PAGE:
Follow us:

Brier Dudley's blog

Brier Dudley offers a critical look at technology and business issues affecting the Northwest.

October 14, 2008 at 10:57 AM

Obama advertising on Xbox 360 (in swing states, on a bunch of games …)

This is wild: Barack Obama’s campaign is using in-game advertising in “Burnout Paradise,” a new Xbox 360 racing game from Electronic Arts, according to a report on GigaOm.

“Like most television, radio and print outlets, we accept advertising from credible political candidates,” EA spokeswoman Holly Rockwood told the blog.

Will it persuade any more 18- to 24-year-olds to put down their controllers and go vote next month?

I wonder if we’ll eventually see online voter registration — maybe even voting — through Xbox Live.

Update: Rockwood just gave me a bunch of details on the ads, which were sold by Massive, a game ad agency owned by Microsoft.

She said Massive approached both the Obama and McCain campaigns but McCain’s declined.

Obama’s campaign bought a highly targeted set of ads running mostly on sports titles in swing states. They began airing Oct. 6 and run through Nov. 3, with varying lengths depending on the state.

The ads are dynamically placed in games when playing on Xbox consoles connected to Xbox Live. They’re appearing in games with realistic settings, so they can show up in a billboard in a driving game, for instance.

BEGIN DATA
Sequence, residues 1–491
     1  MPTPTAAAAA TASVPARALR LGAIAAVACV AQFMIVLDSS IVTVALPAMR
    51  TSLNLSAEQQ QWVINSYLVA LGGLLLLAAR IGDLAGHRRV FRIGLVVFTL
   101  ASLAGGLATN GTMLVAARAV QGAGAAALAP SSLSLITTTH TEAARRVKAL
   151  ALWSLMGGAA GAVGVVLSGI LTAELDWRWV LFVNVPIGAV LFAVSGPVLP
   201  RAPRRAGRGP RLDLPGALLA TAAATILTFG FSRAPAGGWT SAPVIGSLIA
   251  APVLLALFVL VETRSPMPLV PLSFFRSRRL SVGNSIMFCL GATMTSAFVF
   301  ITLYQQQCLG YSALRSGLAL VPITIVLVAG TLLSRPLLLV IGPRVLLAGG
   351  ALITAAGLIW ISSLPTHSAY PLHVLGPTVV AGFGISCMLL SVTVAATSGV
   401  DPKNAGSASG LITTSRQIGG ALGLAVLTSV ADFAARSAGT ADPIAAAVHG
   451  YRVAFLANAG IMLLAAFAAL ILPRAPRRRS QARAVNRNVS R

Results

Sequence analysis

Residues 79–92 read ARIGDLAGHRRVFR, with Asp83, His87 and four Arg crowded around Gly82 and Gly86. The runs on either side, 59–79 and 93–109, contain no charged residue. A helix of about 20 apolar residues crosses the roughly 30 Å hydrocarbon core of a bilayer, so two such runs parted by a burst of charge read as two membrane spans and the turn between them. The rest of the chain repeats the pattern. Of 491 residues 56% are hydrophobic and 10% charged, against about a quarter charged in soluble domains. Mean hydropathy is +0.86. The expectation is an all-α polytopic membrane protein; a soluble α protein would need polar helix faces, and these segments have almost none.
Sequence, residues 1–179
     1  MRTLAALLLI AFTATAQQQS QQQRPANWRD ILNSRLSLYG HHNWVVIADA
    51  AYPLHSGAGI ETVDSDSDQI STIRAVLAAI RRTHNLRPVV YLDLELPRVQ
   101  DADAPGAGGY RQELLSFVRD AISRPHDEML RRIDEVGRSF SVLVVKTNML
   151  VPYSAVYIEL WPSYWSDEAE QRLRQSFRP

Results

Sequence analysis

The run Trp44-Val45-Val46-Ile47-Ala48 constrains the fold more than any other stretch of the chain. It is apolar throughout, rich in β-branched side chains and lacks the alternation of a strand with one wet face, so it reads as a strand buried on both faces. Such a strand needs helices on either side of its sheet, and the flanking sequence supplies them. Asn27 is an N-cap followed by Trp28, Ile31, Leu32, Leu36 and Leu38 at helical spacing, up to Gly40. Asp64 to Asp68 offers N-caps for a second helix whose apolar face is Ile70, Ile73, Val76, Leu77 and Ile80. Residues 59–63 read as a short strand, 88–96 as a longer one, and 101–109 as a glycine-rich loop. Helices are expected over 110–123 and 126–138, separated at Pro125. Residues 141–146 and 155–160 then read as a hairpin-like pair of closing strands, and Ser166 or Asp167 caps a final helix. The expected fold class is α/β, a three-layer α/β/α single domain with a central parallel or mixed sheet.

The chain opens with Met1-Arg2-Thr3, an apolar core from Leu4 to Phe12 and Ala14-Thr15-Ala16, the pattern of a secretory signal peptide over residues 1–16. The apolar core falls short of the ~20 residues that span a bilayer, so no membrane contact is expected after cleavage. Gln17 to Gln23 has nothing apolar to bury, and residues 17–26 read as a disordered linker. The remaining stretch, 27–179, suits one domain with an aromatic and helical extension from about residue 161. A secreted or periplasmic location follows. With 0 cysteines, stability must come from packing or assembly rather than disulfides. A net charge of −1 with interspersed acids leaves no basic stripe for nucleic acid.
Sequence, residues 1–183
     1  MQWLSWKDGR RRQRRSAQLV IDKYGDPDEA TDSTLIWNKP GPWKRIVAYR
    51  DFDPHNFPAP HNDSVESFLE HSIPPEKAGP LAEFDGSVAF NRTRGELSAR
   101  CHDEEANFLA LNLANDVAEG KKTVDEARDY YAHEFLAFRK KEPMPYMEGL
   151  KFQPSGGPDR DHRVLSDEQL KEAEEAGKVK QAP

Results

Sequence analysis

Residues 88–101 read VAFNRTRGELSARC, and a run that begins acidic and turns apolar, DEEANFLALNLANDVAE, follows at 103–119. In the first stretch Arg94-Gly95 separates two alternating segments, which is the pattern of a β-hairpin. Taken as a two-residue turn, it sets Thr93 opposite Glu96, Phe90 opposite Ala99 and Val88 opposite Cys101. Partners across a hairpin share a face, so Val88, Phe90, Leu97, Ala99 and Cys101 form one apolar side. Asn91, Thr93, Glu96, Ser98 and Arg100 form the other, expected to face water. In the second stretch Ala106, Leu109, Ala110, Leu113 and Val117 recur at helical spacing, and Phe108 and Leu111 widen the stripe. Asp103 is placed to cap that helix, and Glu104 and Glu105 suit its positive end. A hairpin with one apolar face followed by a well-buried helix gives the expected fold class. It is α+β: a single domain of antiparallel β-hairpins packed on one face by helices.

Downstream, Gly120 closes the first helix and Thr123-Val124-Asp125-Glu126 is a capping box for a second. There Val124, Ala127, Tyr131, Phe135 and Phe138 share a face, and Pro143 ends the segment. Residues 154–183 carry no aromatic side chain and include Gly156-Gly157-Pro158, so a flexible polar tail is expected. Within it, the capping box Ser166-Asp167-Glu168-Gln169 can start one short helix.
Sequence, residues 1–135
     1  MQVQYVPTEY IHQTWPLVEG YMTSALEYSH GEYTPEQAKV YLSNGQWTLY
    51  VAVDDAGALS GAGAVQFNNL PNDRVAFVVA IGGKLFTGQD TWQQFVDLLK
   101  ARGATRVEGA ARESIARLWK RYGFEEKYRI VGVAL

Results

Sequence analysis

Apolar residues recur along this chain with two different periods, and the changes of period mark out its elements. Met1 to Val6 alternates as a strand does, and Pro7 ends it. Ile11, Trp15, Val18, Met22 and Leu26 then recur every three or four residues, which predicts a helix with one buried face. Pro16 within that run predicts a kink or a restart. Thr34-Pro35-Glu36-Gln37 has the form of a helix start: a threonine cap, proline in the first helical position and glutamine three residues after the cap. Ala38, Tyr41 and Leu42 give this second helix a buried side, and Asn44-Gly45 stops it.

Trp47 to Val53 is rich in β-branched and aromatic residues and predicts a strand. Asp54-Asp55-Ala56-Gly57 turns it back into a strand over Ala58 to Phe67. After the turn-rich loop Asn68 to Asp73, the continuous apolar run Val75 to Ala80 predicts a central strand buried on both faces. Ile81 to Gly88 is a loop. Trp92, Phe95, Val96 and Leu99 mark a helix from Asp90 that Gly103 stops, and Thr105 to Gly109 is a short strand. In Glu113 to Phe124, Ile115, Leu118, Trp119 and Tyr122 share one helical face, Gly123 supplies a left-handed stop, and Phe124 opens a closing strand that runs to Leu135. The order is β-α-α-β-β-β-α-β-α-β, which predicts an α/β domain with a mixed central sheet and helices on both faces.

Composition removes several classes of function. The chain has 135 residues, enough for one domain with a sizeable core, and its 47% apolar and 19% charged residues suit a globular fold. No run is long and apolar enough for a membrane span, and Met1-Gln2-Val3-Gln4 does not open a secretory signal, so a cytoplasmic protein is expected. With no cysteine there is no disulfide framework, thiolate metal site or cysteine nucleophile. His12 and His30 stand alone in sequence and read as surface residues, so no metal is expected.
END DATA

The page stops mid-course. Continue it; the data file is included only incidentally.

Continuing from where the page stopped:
They’re running in 10 states, Colorado, Florida, Iowa, Indiana, Montana, North Carolina, New Mexico, Nevada, Ohio and Wisconsin — for longer periods in the bigger states.

Dynamic in-game ads have only been around for about 18 months, Rockwood said, so “I think it’s fair to say it’s the first presidential campaign” to use them.

Titles with the ads are:

Burnout Paradise

Madden 09

Nascar 09

NBA Live 08

Need for Speed Carbon

Need for Speed Prostreet

NFL on Tour

NHL 09

Skate

Rockwood noted that the ads “do not reflect the political policies of EA or the opinions of its development teams.”

Comments | Topics: Digital media, Games & entertainment, Microsoft

COMMENTS

No personal attacks or insults, no hate speech, no profanity. Please keep the conversation civil and help us moderate this thread by reporting any abuse. See our Commenting FAQ.



The opinions expressed in reader comments are those of the author only, and do not reflect the opinions of The Seattle Times.


The Seattle Times

The door is closed, but it's not locked.

Take a minute to subscribe and continue to enjoy The Seattle Times for as little as 99 cents a week.

Subscription options ►

Already a subscriber?

We've got good news for you. Unlimited seattletimes.com content access is included with most subscriptions.

Subscriber login ►
The Seattle Times

To keep reading, you need a subscription upgrade.

We hope you have enjoyed your complimentary access. For unlimited seattletimes.com access, please upgrade your digital subscription.

Call customer service at 1.800.542.0820 for assistance with your upgrade or questions about your subscriber status.

The Seattle Times

To keep reading, you need a subscription.

We hope you have enjoyed your complimentary access. Subscribe now for unlimited access!

Subscription options ►

Already a subscriber?

We've got good news for you. Unlimited seattletimes.com content access is included with most subscriptions.

Activate Subscriber Account ►